Wednesday, May 9, 2012

Getting in each other's jeans....or genes?

Life, evolution, is about reproduction, how effectively we get into each other's jeans, so to speak.  As individuals, we may be independent most of the time, but we can't make a new individual alone.  To do that we must conjugate our genome with someone else's, and getting into their jeans is how we do that.

Or is it?

Perhaps we've been making a big evolutionary mistake
Maybe what is as important is how we and other species get into each other's genes.  Organisms--all of us--are collections of large numbers of cells descended from a single starting cell (the fertilized egg).  We tend to view ourselves as having one genome, and in that sense being a unitary, biological whole.  Evolutionary theory is about how collections of such wholes, the fertilized eggs of a population in a generation, change over time.

But increasing evidence shows several important facts.  First, each time a cell divides into two 'daughter' cells, mutations occur, and these are then transmitted to the next generation of daughter cells.  And, at the molecular level, the division of one cell into two, even forgetting mutations, is never exactly equal.  One gets more of one protein than the other, the other gets more mRNAs and so on. You are a huge collection of cells with such a branching history of variation from a single fertilized egg cell.

But our life is not just what happens to that set of cells.  Instead, as evidence is now showing more clearly, we are colonized by countless other cells--bacteria and other micro-organisms--and they, too, divide on and in us, accumulating mutations along the way.  And, more importantly, we are unable to live without them, nor they without us.  The simple classical and perhaps clearest example is our intestinal flora, that is responsible for vital aspects of our digestion and hence our survival.

A burgeoning area of investigation called microbiomics (every field needs a sexy label, of course), the study of the many different microbes that inhabit various parts of our bodies, is off and running.  This work is finding a wealth of relationships between us and others, so much so that researchers are suggesting that our genome can't in fact be fully understood on its own, but rather must be thought of as just one part of a larger genome that also includes the genes of all our colonizers.  Or from the microbes' perspective, their own and their host's genomes.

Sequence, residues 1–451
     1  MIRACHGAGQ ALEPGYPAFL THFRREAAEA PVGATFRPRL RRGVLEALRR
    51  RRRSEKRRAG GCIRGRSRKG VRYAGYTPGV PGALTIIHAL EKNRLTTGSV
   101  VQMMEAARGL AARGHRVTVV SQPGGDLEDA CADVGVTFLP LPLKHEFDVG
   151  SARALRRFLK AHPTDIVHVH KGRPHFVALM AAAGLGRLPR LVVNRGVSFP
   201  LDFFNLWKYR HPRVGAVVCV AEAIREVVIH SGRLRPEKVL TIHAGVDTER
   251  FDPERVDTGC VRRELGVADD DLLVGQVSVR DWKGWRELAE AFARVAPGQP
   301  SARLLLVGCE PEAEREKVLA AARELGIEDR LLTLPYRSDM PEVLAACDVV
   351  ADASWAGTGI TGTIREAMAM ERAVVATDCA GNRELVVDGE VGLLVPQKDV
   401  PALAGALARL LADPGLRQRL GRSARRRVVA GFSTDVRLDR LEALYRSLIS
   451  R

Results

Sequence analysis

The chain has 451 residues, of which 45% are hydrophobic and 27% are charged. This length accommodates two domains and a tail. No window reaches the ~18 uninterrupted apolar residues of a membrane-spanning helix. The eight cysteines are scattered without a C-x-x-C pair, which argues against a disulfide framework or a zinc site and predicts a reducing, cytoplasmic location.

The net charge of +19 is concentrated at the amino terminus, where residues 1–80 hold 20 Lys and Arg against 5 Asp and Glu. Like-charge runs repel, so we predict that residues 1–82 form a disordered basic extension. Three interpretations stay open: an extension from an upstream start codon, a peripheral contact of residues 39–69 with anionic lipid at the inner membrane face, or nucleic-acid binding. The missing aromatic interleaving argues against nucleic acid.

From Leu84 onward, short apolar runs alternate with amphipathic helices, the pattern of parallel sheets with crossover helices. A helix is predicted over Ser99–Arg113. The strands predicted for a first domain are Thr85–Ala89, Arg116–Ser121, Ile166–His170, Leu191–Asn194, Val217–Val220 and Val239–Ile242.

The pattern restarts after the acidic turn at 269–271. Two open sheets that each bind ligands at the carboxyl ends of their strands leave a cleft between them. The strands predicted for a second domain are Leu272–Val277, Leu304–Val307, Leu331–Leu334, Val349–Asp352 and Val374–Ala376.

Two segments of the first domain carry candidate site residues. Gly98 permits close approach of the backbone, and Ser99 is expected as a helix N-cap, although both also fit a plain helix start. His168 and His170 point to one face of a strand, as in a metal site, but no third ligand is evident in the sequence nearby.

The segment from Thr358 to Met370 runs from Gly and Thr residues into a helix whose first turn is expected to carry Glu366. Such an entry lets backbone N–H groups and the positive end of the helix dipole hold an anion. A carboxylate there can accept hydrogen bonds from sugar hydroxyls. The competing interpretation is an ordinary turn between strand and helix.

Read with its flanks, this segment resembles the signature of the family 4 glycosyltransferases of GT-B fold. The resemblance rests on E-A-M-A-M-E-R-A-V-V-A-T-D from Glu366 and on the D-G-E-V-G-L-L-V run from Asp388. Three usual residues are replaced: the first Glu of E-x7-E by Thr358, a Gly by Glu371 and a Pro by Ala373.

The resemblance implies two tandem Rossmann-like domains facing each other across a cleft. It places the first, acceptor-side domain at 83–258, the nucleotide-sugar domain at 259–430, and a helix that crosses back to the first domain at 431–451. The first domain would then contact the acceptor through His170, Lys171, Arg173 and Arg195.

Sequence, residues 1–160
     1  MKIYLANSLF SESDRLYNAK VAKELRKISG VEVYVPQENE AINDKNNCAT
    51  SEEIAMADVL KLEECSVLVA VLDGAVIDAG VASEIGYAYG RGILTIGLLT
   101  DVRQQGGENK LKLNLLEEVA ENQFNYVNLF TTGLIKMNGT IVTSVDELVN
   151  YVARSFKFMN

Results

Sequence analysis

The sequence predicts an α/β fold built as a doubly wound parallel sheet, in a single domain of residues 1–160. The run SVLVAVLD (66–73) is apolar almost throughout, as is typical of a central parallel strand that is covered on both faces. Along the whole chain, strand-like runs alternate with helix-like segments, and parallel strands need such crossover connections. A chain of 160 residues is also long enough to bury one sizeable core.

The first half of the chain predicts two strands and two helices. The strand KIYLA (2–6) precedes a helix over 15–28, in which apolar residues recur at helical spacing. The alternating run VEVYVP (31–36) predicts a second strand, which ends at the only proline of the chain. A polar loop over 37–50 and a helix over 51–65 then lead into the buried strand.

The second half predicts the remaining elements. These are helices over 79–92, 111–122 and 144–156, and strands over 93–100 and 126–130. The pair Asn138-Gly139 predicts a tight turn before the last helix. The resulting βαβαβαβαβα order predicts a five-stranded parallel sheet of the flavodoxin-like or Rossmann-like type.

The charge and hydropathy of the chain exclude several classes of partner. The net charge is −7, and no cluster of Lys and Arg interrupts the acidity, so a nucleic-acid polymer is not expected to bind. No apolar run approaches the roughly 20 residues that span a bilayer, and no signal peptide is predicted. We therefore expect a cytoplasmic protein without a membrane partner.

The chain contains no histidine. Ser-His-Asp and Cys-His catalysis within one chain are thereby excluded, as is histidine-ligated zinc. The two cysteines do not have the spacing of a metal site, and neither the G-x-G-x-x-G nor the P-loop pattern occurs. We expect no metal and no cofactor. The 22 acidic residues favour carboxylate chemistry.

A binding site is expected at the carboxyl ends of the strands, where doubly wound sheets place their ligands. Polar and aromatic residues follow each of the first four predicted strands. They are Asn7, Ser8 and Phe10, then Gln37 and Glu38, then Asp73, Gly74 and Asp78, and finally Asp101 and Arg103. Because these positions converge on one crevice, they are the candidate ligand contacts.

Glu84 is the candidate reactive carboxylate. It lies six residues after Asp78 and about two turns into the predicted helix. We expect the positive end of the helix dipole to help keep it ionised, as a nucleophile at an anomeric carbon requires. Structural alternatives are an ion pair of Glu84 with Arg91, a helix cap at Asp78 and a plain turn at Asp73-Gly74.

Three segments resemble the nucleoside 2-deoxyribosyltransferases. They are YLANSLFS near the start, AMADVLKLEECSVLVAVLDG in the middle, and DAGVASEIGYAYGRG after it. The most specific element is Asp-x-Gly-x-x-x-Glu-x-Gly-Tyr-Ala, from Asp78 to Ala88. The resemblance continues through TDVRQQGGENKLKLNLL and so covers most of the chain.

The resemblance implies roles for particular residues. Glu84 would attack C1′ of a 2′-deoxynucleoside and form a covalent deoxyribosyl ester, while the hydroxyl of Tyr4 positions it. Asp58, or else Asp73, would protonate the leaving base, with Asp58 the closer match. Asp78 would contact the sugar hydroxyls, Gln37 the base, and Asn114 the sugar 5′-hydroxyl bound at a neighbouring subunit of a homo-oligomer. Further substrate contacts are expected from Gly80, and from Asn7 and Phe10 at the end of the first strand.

Many different common chronic diseases that for several decades have been thought to be due to wear-and-tear of long life and modern lifestyles, are being shown to involve genes involved in aspects of our immune systems. So in both regard to disease and to the microbiome of normal variation, our traits may be more 'infectious' than we had thought.  The term 'infection' implies the old idea that we're normally bug-free unless we are sick.  Instead, perhaps we are sick if we are bug-free!

Going further: what, after all, is an organism?  What is evolution about?
Maybe our entire concept of organism and its traits is biologically badly mistaken.  Perhaps metazoans really are often, or largely, a colony of cells with one genome plus adherent colonies of cells with other genomes.  Neither can do without the other.  They've evolved jointly.  Aberration in either can cause cell death.  When it's of the 'organism' we give it different name from when it's just of one of the cells.

We might call this 'coevolution' and perhaps it could lead to substantial rethinking about what we are, or what species are, or their evolution.  Or how we use our notion of organism to dichotomize vis-à-vis the 'environment', when basically they are more unitary?  The ultimate in co-operation.

Again, as with sex, we may have been misled by Noah's ark, Linnaeus, and Darwin into life science based on organism, when that is only one aspect of how things are organized.  The idea that Nature is composed of a series of distinct species, a legacy of classical thinking up to the present, is actually a large subject with much that is interesting and perhaps truly profound to think about.  We'll discuss it in a subsequent post.

Meanwhile, the idea of meddling in, or the responsibility to keep out of,  or delve into, each others' genes is not just something for Levi Strauss to consider.

No comments: